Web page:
For dinner that evening, we went to one of Detroit's newer downtown features, the Motor City Casino and Hotel. The hotel expansion opened in 2007 and features Iridescence, a AAA Four-Diamond restaurant. We were treated to a concert in Motor City Casino's music venue called 'Sound Board'. It is a small and intimate 2400 person venue and features large name music and comedy acts year round. The food was wonderful, and if you enjoy gambling then the Motor City Casino should definitel be a stop on your itinerary.
My first automotice themed stop was at the Model T Automotive Heritage Complex aka the Ford Piqette Avenue Plant. 12,000 Model T's were manufactured here with several being on display. It was a very neat experience knowing that this is where the automobile was really starting to take off. Tours are only offered between April and November. Check www.tplex.org for specific tour times and and for group reservations.
Next, I got the priviledge to travel to the Hedielberg Project, which is an outdoor art installation in a more run-down part of town. The artist, Tyree Guyton started the project by painting several of the houses on the street by painting them with bright colored polka dots and attaching different items to the walls. These homes were abandoned, and he was transforming them into works of art. Over the last 26 years, he has continued to create more art, much to the chagrin of some of the mayor's offices. Unfortunately, several of the homes have been destroyed by the city although many still remain. Tyree has lectured around the world about art and urban sprawl and his project attracts more than 250,000 visitors a year.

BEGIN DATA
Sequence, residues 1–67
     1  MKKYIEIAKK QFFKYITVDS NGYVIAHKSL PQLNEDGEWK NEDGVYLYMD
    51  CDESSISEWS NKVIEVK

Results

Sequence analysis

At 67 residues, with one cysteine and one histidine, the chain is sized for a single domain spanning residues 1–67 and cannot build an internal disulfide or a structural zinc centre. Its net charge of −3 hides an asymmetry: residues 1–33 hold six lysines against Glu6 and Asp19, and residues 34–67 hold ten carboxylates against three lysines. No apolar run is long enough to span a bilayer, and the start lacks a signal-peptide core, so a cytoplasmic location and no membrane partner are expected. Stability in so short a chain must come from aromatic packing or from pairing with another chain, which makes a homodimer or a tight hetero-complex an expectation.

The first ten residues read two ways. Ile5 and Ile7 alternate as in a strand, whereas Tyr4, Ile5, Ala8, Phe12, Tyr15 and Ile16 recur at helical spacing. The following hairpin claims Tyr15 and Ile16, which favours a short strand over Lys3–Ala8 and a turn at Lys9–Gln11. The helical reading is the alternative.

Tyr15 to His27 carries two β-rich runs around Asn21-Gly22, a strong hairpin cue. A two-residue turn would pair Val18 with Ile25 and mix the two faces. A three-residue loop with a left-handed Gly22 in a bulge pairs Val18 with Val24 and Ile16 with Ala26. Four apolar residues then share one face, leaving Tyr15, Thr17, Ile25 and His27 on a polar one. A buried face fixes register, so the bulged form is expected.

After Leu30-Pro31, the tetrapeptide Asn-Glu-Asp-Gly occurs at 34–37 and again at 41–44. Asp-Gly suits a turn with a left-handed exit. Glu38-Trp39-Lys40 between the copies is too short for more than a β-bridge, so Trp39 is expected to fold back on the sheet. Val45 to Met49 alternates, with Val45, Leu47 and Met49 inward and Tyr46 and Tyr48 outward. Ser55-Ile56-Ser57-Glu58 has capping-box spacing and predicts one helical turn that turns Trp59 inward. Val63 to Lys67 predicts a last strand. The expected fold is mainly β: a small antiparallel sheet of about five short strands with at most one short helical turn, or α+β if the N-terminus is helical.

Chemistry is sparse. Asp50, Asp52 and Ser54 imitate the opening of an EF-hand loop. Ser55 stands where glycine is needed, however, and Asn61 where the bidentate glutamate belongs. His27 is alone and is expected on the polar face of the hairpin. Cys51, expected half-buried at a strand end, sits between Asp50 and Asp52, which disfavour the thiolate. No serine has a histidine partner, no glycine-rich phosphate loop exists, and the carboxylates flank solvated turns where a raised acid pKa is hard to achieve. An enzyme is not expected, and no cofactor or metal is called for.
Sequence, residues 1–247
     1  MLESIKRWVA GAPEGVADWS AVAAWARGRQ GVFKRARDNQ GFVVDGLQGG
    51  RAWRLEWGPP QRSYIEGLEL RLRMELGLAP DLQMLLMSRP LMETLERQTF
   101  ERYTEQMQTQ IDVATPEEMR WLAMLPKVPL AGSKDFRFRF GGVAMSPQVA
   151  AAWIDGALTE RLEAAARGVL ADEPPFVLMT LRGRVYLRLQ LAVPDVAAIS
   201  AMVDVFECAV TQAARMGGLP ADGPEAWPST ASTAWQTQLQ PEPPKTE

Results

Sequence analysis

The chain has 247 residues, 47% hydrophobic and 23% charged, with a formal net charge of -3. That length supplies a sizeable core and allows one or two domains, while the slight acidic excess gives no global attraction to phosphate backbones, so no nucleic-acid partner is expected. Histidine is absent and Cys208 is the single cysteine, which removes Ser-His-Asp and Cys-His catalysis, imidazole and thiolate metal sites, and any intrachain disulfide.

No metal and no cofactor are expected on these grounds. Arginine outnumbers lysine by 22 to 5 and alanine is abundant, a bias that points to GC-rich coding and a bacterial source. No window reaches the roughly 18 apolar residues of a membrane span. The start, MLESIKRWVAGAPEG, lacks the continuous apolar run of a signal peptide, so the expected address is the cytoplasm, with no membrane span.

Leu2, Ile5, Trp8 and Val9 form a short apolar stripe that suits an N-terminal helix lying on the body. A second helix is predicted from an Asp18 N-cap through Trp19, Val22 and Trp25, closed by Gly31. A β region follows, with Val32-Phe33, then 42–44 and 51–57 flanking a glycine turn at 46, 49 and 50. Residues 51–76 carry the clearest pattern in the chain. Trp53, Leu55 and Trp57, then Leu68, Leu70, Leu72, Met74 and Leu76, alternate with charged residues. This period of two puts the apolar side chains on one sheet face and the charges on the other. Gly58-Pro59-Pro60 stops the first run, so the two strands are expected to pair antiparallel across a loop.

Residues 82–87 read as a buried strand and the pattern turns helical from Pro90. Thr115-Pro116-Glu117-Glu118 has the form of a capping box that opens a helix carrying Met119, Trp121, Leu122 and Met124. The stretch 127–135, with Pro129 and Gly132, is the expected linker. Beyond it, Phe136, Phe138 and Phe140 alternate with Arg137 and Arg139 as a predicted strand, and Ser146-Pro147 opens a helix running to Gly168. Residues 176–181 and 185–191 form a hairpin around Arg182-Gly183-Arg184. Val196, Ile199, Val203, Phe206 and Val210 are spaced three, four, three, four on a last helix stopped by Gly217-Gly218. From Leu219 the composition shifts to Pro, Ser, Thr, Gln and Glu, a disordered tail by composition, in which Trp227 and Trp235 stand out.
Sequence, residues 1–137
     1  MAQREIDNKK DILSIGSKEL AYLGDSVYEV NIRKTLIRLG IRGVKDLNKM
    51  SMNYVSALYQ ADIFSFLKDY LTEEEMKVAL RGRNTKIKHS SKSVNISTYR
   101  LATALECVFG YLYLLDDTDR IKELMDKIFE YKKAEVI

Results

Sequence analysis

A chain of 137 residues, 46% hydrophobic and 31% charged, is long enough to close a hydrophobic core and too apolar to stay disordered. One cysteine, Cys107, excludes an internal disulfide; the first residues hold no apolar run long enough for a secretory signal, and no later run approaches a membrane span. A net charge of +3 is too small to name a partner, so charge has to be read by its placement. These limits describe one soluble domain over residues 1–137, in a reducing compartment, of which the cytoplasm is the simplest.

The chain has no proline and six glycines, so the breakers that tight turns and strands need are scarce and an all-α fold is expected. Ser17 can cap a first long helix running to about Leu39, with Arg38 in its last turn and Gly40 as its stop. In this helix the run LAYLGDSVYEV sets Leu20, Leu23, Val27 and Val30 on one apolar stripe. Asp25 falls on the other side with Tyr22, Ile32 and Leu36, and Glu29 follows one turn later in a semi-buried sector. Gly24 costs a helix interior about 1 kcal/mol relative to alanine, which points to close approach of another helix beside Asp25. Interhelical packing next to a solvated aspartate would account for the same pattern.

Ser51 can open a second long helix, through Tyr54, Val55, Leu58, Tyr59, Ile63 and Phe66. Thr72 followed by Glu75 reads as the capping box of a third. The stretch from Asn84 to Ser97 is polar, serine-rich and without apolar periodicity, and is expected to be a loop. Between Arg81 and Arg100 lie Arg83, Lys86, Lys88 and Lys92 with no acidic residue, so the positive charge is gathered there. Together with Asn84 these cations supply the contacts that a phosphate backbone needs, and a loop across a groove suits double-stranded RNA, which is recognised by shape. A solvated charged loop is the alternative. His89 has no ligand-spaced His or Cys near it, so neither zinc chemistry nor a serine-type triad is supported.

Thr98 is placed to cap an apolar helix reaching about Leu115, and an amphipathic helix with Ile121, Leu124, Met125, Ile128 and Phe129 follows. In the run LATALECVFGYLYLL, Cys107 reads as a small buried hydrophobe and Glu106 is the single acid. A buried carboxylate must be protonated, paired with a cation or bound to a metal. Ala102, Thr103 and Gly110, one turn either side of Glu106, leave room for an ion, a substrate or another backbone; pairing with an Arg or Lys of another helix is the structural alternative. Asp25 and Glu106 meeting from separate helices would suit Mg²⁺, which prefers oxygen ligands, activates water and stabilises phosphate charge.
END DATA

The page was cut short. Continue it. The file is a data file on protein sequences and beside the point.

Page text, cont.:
Our next stop was the Charles H. Wright Museum of African American History. The museum holds the worlds largest permanent exhibit on African American culture and features a wonderful walk-through interactive exhibit. It features live performers and was easily one of the best museum exhibits I've ever experienced. Find more information at www.maah-detroit.org